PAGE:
Food Safety Audits

Farm​​s commonly use third-party food safety audits to provide independent evidence that the farms are managing production and handling risks to minimize foodborne illness and other food safety hazards.

Third-party means that someone with no financial interest in either the farm or the company purchasing the produce conducts the audit. An auditor reviews the food safety plan to see that critical issues are addressed, and visits the farm to observe its practices to determine whether they are consistent with the food safety plan.

The USDA-Agricultural Marketing Service conducts food safety audits, as do a number of private companies. Specific requirements and costs of an audit vary depending on the provider and protocol used.

Many wholesale produce buyers demand that their suppliers pass a third-party audit to provide assurance that food safety risks are minimized. Current federal regulations do not require farms to pass food safety audits. Therefore, it is up to each grower to determine whether an audit will benefit his or her particular operation.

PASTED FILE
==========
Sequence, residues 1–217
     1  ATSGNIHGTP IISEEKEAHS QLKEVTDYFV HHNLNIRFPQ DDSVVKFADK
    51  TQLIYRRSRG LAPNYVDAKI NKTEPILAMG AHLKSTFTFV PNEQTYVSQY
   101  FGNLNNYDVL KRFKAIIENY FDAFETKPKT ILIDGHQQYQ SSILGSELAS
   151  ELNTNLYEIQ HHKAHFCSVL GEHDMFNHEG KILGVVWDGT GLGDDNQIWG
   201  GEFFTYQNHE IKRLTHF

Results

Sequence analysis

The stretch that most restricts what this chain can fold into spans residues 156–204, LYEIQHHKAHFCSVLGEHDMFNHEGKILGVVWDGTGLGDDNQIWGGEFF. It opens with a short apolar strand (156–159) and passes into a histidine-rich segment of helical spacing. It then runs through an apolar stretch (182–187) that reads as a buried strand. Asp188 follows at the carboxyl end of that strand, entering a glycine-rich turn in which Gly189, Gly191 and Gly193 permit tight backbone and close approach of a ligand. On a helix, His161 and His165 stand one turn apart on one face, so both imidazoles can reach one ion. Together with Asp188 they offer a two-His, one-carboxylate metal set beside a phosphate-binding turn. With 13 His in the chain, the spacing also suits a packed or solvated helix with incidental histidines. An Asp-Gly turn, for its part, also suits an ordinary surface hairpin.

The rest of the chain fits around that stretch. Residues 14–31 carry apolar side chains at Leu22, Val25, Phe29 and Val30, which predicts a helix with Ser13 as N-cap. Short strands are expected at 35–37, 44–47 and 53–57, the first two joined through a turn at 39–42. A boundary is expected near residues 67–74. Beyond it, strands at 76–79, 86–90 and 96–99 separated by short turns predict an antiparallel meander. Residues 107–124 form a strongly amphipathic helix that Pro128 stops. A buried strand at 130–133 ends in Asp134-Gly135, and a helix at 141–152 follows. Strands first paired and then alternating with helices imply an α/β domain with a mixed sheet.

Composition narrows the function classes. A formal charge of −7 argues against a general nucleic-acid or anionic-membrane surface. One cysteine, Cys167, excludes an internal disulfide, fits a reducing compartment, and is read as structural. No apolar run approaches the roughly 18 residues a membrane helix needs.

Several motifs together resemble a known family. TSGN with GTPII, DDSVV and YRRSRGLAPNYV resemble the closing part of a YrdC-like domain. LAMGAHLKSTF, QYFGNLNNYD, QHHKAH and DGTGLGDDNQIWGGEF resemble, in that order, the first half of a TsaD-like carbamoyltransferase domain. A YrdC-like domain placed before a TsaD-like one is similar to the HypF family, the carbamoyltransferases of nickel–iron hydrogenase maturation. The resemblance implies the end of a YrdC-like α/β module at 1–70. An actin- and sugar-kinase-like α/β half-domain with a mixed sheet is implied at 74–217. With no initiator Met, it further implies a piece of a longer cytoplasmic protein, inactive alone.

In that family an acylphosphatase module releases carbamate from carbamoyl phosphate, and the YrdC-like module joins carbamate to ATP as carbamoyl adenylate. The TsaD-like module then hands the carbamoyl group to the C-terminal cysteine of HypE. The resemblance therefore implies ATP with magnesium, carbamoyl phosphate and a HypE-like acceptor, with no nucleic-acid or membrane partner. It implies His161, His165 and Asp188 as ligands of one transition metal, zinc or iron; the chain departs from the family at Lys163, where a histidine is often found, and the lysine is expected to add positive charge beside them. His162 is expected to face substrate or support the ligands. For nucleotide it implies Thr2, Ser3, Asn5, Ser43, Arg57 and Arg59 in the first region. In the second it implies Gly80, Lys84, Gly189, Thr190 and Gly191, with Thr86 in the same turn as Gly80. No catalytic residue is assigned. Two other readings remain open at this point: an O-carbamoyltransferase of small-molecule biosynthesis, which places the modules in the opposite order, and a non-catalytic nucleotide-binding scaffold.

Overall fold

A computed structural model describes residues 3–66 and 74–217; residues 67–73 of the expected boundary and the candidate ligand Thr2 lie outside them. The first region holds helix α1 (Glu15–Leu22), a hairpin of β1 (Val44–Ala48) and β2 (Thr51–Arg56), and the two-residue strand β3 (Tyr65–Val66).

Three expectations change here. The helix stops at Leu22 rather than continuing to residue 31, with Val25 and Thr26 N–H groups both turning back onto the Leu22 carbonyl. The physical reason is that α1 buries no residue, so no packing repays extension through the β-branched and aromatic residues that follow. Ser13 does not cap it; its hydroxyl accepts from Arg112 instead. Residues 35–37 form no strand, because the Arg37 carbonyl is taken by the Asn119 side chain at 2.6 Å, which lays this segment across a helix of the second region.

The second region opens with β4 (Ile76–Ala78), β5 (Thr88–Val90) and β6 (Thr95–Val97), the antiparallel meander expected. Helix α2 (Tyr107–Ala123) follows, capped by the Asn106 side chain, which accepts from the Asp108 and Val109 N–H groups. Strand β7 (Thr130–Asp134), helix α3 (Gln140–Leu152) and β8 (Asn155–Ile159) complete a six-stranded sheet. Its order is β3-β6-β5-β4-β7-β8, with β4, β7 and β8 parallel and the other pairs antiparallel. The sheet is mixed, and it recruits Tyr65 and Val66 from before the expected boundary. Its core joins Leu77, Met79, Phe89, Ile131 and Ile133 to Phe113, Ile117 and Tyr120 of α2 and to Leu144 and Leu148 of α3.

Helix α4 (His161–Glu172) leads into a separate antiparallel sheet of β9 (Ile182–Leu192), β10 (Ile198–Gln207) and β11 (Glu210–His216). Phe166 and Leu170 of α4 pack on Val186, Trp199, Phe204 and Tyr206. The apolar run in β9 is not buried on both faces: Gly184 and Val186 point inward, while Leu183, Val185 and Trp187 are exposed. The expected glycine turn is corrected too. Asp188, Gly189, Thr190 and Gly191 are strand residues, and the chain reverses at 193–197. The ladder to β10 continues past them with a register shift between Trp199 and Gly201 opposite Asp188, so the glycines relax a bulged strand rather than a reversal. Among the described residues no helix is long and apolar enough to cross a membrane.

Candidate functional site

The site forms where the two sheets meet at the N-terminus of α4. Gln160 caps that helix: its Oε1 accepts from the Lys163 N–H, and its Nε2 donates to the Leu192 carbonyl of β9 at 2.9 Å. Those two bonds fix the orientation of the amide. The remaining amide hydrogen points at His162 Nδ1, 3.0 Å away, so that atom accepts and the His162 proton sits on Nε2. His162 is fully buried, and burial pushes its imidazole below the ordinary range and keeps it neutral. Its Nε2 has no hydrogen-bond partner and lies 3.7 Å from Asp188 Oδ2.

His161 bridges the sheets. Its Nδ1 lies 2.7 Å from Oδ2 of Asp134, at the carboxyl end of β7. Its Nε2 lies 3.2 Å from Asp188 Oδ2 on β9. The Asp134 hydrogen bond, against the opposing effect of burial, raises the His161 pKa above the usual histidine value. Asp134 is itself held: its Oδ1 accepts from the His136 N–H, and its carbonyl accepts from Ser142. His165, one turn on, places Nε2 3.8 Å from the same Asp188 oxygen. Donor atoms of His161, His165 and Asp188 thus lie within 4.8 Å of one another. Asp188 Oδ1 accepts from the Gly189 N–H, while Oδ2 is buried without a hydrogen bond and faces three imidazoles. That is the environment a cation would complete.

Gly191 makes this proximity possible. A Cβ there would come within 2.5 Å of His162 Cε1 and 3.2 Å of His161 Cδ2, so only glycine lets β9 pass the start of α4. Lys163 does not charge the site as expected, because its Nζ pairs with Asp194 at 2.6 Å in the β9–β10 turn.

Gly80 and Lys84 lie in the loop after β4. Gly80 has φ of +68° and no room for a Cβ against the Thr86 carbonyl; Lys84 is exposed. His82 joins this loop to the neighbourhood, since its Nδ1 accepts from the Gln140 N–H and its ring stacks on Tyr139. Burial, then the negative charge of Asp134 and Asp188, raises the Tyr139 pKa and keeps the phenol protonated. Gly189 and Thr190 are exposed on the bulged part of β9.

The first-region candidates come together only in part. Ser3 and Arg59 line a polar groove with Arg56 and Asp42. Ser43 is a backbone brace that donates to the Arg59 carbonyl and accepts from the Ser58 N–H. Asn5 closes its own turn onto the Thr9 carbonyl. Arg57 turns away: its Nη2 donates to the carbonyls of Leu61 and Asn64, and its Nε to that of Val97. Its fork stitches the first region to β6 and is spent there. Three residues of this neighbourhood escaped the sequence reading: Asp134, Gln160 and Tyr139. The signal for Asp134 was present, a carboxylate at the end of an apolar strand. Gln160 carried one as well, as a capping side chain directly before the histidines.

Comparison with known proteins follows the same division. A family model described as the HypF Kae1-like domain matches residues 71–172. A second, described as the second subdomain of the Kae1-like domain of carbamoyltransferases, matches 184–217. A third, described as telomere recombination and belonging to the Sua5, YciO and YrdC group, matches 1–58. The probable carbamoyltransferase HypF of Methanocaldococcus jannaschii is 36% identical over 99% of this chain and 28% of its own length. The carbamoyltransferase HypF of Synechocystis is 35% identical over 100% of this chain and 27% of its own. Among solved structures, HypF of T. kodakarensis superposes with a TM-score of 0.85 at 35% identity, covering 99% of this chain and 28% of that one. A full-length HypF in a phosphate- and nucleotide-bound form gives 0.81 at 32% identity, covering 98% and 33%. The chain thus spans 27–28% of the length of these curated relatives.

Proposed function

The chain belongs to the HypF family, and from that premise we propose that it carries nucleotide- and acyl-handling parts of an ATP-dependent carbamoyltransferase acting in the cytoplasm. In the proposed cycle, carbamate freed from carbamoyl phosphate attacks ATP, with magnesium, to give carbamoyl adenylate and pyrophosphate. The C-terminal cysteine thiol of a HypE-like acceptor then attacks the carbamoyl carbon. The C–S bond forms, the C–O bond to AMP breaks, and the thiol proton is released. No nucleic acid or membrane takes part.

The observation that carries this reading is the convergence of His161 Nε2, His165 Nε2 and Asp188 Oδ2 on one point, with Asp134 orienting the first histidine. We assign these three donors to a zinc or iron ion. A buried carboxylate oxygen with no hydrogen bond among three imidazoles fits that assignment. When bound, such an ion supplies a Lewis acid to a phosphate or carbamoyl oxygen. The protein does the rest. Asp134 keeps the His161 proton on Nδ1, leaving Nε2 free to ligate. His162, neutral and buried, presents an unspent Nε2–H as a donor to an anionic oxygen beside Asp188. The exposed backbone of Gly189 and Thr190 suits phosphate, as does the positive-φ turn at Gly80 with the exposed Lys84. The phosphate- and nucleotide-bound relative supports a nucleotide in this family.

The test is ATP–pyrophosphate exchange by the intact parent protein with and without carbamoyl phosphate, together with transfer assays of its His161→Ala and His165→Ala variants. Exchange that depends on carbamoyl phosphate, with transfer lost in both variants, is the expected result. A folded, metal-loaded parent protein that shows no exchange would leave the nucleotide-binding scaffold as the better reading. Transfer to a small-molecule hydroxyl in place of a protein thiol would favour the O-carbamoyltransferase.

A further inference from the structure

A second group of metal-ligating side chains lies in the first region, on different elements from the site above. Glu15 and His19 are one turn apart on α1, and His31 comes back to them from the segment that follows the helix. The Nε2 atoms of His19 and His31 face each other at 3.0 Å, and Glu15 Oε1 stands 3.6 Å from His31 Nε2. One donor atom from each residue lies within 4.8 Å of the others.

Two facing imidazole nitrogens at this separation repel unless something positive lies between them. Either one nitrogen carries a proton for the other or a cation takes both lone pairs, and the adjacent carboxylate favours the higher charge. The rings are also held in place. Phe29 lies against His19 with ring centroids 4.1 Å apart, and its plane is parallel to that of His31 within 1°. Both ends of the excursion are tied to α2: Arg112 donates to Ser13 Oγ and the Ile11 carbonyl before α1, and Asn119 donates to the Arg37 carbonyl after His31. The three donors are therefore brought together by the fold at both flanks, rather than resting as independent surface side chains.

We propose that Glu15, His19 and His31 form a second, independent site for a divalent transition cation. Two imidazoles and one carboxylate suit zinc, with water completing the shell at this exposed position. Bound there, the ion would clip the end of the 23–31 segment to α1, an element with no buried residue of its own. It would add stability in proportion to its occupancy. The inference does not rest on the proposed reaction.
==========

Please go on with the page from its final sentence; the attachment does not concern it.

The resources below provide more information about audits, their cost, and how to prepare for one. Use them to help determine whether an audit would benefit a particular operation, which audit would be most suitable, and what steps to take if an audit is desired.​​

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LinkProduce Safety Alliance
pdfCarolina Farm Stewardship Project
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LinkPenn State
LinkProduce Safety Allliance
LinkUniversity of Minnesota
pdfRock Spring Farm
Equicert (none) Indiana Office: 765 589 3058.
Ohio Produce Marketing Agreement
Primus Labs
Produce Food Safety Services
Quality Assurance International
Scientific Certification Systems
USDA AMS - Fresh Fruit and Vegetable Audit